‘Castle of Dreams’ grabbed three awards at the 2019 edition of the festival in China in June. The Best Actor Award of the event went to the movie’s star Hamed Behdad, and the director Reza Mirkarimi won the Best Director and the Golden Goblet prize for the film.
The drama is about two young children whose mother has just died, and their father, Jalal, after long years of absence, returns to sort things out, but he does not want to take the children with him.
In his interview with Global Times of China about the two cinema of the two countries, Mirkarimi said “Iran can learn from China in terms of sci-fi movies, ancient movies and action movies. These genres are not mainstream in Iran. We don't have enough capacity to achieve what we want and we need to.”
Meanwhile, Iranian films such as ‘Children of Heaven’, ‘A Taste of Cherry’ from the 1990s, and the more recently released ‘The Salesman’ and ‘A Separation’, have made deep impressions on Chinese audiences. Mirkarimi pointed out that Iran specializes in films like these, with realistic themes and stories about human relations and human emotions, and it is this aspect that the director said he feels Iran can probably help China. He noted that more Chinese directors are trying to focus on human relations in films, globaltimes.cn wrote.
“In ancient times, we were connected to each other in terms of the economy and culture through the Silk Road. But unfortunately over the past few hundred years, we haven't had as many cultural connections as we had in the past. Much of the connections happen through Europe,” said Mirkarimi.
Although he was very familiar with the works of Chinese directors such as Chen Kaige and Zhang Yimou, the first time he met them was at European film festivals such as Cannes and the Venice International Film Festival.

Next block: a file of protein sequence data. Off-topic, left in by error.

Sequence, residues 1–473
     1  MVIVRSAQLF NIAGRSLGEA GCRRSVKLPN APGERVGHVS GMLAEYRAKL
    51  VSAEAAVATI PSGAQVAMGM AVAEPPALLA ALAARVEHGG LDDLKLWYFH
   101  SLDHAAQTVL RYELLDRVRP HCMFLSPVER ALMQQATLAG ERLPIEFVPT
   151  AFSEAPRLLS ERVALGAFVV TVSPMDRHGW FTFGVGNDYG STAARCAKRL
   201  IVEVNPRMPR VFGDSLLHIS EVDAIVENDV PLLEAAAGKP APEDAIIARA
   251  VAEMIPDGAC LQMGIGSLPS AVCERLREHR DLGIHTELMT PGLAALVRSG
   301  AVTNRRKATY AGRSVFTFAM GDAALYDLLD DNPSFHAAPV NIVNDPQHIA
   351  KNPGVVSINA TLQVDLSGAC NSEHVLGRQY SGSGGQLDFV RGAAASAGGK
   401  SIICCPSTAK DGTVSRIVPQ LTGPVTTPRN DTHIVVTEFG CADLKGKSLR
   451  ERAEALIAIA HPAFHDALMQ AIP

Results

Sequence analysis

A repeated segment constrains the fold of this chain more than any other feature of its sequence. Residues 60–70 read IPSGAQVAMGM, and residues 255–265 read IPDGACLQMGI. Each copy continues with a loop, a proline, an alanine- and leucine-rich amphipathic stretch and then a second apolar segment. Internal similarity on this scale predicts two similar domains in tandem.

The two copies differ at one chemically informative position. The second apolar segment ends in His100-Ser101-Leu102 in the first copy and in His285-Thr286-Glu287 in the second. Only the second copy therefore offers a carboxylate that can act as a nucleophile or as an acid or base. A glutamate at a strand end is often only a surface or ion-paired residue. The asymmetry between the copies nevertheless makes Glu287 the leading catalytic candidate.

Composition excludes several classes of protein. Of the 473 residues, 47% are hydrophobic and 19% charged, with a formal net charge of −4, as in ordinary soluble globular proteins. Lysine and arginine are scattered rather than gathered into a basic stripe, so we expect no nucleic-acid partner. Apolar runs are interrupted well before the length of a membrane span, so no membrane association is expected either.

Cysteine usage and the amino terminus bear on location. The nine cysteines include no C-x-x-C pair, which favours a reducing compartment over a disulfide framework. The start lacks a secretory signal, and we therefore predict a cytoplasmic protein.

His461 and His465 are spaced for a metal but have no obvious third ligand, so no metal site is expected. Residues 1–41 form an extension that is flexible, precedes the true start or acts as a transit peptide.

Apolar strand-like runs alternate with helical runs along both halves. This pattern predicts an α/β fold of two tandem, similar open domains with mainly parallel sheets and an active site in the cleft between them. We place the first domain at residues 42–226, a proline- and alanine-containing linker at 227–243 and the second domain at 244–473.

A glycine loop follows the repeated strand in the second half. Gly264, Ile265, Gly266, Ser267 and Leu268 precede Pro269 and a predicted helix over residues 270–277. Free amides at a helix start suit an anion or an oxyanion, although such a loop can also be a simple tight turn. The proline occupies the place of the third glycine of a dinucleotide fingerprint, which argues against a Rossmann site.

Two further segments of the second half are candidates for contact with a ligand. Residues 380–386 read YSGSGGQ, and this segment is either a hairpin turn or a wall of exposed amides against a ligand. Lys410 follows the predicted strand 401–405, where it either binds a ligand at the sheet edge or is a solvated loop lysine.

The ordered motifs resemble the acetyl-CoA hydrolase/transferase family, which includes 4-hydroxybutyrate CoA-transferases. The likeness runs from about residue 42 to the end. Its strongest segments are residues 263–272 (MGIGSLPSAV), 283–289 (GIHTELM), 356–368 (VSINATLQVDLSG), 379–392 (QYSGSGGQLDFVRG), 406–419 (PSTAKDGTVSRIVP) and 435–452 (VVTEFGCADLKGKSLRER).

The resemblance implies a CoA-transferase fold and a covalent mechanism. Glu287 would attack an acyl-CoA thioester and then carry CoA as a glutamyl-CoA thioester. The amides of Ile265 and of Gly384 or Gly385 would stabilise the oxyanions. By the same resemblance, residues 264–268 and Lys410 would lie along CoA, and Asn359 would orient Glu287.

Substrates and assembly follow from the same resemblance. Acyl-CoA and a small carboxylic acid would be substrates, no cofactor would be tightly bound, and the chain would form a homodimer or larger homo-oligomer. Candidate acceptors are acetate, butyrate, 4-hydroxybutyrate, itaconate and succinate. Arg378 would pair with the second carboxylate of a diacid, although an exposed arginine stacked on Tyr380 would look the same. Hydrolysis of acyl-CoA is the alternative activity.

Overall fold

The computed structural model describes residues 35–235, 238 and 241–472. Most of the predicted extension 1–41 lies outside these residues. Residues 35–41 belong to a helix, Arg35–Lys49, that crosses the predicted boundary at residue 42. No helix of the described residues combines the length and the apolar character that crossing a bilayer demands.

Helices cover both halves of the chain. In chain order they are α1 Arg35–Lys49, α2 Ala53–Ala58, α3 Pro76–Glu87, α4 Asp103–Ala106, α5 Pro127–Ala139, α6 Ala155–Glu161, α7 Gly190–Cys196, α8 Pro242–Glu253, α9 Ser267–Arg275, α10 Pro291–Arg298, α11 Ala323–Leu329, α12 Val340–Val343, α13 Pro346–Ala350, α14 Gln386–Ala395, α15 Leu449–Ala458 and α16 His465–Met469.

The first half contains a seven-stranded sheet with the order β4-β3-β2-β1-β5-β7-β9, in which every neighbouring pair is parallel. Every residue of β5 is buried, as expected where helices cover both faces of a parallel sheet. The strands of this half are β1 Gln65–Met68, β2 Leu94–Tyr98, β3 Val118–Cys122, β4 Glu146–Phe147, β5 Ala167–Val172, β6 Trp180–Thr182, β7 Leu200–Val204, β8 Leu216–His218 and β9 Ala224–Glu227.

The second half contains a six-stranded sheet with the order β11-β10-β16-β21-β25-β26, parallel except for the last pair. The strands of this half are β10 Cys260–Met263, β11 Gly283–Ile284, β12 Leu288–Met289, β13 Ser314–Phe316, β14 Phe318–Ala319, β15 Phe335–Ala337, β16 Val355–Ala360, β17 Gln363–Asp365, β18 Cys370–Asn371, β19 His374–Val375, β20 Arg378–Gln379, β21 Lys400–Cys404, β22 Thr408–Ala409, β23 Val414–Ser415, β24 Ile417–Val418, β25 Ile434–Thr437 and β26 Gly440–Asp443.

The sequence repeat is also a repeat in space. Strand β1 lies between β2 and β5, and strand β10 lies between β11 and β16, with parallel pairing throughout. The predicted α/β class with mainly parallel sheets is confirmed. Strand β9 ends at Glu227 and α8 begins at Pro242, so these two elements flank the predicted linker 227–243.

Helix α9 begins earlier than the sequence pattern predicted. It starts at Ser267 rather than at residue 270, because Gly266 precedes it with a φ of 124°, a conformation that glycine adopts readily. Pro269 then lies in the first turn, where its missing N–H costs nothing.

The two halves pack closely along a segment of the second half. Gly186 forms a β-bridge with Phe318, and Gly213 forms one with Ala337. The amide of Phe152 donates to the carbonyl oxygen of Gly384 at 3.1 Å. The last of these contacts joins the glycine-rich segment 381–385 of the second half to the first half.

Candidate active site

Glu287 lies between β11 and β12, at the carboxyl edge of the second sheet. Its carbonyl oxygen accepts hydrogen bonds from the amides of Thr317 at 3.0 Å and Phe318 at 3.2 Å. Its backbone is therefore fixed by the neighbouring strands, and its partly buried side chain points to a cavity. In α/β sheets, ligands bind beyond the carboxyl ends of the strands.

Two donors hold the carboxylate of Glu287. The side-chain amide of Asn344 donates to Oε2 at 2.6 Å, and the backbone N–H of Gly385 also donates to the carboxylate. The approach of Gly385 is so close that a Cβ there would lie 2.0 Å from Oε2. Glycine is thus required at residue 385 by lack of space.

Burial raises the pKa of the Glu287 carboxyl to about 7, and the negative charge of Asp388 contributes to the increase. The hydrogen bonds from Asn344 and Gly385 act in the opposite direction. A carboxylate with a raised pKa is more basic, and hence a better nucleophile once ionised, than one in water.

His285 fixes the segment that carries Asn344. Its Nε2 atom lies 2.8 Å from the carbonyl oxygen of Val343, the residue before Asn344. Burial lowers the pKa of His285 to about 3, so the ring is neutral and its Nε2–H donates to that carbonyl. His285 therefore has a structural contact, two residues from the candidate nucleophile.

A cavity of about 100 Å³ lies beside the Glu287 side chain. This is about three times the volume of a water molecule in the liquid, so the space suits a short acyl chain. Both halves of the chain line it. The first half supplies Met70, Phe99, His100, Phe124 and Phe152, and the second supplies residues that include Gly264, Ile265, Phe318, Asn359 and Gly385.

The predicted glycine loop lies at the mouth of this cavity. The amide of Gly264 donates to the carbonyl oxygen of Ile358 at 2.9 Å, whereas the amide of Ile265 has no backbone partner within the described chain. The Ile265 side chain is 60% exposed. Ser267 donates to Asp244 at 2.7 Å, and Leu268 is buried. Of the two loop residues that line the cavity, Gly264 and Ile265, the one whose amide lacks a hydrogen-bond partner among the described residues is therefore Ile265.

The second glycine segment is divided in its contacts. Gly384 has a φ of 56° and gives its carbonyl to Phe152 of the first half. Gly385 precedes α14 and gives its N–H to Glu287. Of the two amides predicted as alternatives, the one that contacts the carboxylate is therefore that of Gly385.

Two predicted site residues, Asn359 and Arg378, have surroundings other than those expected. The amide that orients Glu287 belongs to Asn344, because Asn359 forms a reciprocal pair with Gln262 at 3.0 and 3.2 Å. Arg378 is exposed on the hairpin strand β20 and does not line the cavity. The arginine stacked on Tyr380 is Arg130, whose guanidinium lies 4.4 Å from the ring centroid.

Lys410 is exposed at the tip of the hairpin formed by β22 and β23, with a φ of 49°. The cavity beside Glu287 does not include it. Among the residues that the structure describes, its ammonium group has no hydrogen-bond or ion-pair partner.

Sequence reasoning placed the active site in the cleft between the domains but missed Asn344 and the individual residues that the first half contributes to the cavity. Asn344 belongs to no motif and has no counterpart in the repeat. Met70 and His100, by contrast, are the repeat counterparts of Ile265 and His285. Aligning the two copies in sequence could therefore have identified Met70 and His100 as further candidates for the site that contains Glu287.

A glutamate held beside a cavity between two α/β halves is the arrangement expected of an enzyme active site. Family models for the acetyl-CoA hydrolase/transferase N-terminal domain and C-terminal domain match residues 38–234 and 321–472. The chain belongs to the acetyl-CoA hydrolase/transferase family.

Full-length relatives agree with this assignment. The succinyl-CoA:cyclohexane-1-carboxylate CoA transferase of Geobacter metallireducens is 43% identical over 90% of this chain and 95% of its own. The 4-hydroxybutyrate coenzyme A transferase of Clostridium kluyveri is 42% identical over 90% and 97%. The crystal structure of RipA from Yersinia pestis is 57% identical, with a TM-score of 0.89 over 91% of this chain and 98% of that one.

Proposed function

“China and Iran are both in the East of the world. We have these common Eastern feelings… There are many Chinese film experts that I'd like to work with, as I’ve seen their work on the screens at international film festivals,” said Mirkarimi.
He stressed that opportunities for direct exchanges about films is continuously improving thanks to efforts on both sides.
While Mirkarimi has received many invitations from film festivals for collaboration with Chinese film professionals, he is currently considering shooting a family drama set in a small city in China and making an animated TV series for children, possibly about the Silk Road and cultural exchange with China.
"I have been the director of the Fajr International Film Festival for the last four years. Chinese cinematic people have been invited to the festival," said Mirkarimi.
Some of the Chinese films won awards at different sections at this prominent annual film festival, held every April in Tehran, Iran.
In terms of international development for Chinese films, while Mirkarimi acknowledged his great appreciation for them, he also said he believes that there’s still room for growth.
“They are not as successful as their capacity allows them to be,” he said.
He recommended that filmmakers shift focus onto the lives of ordinary people instead of looking at things from a grand perspective, as well as shoot more films with realistic themes rather than blockbusters.
“For finding a good story, you really do not need to put yourself under a lot of pressure to travel to far places, to look for big events or anything. If you look at the people around you, what is happening around you, you can find a very good story. That happens, if you believe that nothing repetitive exists. Whatever happens, it will be something new,” he said.